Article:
This blog post relates to my study of Open Educational Resources as part of my Emerging Technologies for Learning Program of study at the University of Manitoba.
I recently read a blog post of a class mate relating to the future of OERs. It has got me thinking further about this very topic and how technology is affecting the way we share online.
Stu says of OERs in five years time:
Instead of OERs what will we be talking about in five years?
We will still be talking about OERs in five years. What I think we will be talking about more is the increasing ease of quality creation and the increased ease of distribution. Publishers are already under pressure because of this and that pressure will continue. Apple’s recent release of iBooks Author is a great example of this trend. Even though the tool requires that content be distributed within the Apple ecosystem the ease of use and quality level achievable is astounding.
I tend to agree with your thoughts on what we will be talking about more in five years time – easy creation and distribution of artefacts. You mentioned the pressure on traditional publishers as a result of the growing accessibility of self-publishing, and the introduction of new technology and services creating new markets for creators to sell their wares, such as Apple’s new iBooks.
I doubt the traditional publishing fraternity will rest on their laurels and will fight tooth and nail to retain their business model and profit margins as any corporate entity would do. Of course, it may also mean a changing of the guard where the old tyrants are replaced with the new – Apple may well become a new breed of corporate control of the world’s intellectual property. Money perverts altruism every time, but I am a cynical one.
Stu continues with a discussion of officialism in publishing:
First…should some OERs be “official” and others “unofficial”?
I don’t think it matters. The most important thing for students is to have the skills and tools to find, verify and then appropriately use the resources they locate. It does not matter if they are “official” or not. In fact…the idea that a resource or piece of information is “official” I believe tends to lull people [students] into a state of complacency. Everything should be looked at with the appropriate degree of criticism and be improved by the application of that criticism.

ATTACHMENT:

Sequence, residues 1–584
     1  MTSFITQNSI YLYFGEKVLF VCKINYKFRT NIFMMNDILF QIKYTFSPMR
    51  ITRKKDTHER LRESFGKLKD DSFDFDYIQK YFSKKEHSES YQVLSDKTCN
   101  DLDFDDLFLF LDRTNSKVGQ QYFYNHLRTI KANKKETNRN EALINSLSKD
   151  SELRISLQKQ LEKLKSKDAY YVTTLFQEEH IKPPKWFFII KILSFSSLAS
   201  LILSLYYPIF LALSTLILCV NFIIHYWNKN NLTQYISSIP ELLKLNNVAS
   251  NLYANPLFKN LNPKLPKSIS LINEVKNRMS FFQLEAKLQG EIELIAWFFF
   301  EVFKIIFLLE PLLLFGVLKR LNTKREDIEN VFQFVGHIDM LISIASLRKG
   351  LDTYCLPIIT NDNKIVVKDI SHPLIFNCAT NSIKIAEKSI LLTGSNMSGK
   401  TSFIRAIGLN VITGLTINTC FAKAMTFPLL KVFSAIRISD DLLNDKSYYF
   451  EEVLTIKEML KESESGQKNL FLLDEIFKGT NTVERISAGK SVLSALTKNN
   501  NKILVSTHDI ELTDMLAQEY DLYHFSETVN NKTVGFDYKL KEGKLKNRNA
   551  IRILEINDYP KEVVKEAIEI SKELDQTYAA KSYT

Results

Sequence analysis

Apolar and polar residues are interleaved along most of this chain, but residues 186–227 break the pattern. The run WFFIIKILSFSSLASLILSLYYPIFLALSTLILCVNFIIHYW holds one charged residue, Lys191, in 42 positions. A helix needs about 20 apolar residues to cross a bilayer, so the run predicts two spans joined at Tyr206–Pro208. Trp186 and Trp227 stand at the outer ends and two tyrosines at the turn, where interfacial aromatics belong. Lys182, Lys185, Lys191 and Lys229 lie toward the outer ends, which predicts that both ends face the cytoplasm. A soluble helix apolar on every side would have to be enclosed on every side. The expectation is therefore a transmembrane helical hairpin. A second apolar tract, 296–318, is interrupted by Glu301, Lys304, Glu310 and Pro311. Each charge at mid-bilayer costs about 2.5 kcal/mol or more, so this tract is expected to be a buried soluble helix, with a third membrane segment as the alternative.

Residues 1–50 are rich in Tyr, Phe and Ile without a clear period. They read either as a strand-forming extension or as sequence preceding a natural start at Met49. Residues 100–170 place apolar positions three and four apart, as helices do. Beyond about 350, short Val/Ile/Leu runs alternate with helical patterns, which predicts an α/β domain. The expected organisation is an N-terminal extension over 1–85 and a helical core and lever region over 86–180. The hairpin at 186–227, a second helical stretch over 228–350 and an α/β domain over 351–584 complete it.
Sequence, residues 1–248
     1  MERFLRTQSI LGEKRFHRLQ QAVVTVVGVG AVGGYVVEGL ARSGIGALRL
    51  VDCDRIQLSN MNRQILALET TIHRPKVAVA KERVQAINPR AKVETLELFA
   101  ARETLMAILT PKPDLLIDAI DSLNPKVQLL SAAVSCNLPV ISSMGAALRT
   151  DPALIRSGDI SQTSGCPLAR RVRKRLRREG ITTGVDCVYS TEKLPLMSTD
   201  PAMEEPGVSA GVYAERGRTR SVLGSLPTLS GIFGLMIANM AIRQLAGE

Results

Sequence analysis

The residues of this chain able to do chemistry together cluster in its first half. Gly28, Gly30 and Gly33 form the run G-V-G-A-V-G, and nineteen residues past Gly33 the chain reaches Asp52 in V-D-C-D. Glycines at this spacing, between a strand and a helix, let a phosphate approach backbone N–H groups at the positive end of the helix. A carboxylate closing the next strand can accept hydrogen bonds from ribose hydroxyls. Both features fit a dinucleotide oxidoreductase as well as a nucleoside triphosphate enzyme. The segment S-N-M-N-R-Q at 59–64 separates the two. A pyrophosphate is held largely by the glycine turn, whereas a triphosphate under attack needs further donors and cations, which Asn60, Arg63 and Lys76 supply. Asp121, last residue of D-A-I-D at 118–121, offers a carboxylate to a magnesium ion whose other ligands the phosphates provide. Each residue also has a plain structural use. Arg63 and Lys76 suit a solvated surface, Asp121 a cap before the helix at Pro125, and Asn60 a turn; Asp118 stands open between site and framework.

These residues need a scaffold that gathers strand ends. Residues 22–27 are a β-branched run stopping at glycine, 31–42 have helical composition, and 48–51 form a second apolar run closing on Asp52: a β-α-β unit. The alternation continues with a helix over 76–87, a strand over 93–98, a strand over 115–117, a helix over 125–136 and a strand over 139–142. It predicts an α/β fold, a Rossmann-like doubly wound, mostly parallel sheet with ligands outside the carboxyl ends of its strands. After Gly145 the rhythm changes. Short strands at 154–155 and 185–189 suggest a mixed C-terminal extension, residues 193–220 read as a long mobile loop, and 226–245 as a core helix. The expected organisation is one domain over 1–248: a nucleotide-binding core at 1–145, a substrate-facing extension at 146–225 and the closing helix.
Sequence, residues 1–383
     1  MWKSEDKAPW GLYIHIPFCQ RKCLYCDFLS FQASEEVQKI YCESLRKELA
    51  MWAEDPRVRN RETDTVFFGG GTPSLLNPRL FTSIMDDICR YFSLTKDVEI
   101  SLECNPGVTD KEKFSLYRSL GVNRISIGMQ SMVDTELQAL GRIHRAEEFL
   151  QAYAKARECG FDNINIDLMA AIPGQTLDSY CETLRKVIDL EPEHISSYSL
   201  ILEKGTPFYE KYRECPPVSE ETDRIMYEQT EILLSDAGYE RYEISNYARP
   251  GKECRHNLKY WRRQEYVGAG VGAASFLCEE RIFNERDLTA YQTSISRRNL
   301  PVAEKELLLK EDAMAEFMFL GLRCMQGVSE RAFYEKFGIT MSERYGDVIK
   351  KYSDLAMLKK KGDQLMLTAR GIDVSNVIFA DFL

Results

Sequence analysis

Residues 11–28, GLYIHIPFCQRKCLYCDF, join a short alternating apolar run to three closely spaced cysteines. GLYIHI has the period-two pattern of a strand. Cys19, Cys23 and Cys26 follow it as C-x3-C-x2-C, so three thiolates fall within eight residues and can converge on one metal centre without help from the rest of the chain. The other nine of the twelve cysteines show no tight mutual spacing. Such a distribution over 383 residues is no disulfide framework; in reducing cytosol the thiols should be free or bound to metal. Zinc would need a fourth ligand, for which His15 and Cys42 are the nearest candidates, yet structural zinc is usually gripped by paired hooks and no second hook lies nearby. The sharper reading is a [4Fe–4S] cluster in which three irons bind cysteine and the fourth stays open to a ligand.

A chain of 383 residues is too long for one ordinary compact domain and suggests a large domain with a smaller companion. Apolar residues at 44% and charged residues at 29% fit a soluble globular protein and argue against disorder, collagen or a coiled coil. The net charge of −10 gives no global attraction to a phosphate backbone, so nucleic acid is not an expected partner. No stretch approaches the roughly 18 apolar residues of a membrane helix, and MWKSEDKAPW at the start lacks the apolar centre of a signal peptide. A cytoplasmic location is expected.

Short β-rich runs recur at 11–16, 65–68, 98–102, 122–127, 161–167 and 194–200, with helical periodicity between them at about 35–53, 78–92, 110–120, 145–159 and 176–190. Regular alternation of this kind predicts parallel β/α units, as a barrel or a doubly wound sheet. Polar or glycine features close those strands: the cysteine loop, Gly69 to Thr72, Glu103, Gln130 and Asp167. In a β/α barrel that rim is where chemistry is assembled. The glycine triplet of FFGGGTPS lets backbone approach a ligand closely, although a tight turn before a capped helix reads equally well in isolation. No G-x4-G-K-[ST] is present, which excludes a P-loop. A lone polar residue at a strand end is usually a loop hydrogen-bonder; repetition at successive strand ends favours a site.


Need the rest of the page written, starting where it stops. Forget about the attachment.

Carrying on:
It would seem to me that it is only of value when there is trust in whomever the official may be. Trust is a weakening commodity in the 21st century as our information age has given rise to many vectors by which to mislead and deceive others. Fraud is rife online with all manner of cons being perpetrated. Of course, as the information age provides the means for fraudsters, it also provides a counter in terms of being able to validate and verify what we are being told online – cross-referencing information from other sources. Consider plagiarism detection systems for instance (http://turnitin.com/). But what do you do when you cannot verify information? For instance, the Australian Bureau of Statistics (http://www.abs.gov.au/) publish aggregated information based on census surveys. The data however is not available to be validated against the reports produced. I’m not suggesting at all that the ABS has fabricated any of their reports, and to my knowledge, they have quite a high degree of trust in the community, but there is no way of independently verifying the information they publish. It is an Australian Government Department, which makes it more difficult (not impossible) to fabricate information. Large international companies however have far less scrutiny and that is where I am very mistrusting. Google’s algorithms for search results are a highly guarded secret, and yet it is the most widely used searching tool in the world. Who audit’s Google’s practices here? They have been accused in the past of manipulating the results. The EU has started an Antitrust investigation into Google.
When answering the question “Are OERs just a cute kitten?”, Stu asks the following rhetorical question: “[Is there such a thing as a well trained cat?]”.
The mention of kittens (or in the case of this little anecdote cats) reminds me of a comment made by a colleague who described the management of academic staff (faculty) akin to herding cats. So my gut tells me the answer is “No!” More seriously, while managing people who are effective critical thinkers is very challenging, these people serve an important role – questioning is what purported to be “official”.
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